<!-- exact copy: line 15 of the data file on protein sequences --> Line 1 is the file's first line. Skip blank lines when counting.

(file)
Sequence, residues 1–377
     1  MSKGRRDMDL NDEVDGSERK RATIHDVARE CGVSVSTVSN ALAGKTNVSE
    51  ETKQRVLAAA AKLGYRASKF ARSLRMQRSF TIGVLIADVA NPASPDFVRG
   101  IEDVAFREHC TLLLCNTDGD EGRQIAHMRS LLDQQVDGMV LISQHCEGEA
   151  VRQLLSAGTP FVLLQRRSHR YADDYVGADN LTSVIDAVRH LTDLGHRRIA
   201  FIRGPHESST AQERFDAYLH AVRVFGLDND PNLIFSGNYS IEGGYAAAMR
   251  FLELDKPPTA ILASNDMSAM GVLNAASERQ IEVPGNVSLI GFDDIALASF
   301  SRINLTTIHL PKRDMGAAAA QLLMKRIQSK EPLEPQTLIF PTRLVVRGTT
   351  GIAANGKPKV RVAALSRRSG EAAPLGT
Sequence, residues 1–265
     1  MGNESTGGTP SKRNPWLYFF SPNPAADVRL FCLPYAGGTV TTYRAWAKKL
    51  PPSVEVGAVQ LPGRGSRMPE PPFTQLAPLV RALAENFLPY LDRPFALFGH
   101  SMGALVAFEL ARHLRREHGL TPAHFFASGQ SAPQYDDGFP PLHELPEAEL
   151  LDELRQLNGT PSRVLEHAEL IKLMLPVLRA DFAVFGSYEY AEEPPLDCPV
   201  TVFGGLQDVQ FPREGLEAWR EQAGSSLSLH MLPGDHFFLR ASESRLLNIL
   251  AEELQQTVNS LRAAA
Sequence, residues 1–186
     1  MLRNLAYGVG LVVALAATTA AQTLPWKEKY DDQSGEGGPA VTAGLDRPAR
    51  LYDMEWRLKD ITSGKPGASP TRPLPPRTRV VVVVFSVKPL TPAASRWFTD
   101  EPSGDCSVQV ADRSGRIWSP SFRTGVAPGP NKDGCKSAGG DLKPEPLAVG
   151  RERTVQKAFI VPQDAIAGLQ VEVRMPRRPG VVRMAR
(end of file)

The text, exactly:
   201  TVFGGLQDVQ FPREGLEAWR EQAGSSLSLH MLPGDHFFLR ASESRLLNIL